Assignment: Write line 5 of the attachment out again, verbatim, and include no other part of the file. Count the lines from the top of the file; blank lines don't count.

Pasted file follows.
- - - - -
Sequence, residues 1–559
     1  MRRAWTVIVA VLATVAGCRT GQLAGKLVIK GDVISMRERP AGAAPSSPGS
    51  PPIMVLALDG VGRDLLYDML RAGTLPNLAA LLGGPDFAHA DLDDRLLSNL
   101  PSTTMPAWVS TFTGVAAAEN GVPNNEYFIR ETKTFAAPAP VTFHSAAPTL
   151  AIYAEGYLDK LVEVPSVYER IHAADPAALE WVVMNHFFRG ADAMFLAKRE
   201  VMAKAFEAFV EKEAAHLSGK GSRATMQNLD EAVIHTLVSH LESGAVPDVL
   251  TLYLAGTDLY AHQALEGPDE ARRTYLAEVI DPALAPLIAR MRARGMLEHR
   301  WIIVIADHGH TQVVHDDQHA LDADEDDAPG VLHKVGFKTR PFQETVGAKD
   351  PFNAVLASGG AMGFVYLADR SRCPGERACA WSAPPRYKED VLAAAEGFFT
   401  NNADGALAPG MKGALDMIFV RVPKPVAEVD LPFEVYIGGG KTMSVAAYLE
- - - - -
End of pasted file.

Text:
   151  AIYAEGYLDK LVEVPSVYER IHAADPAALE WVVMNHFFRG ADAMFLAKRE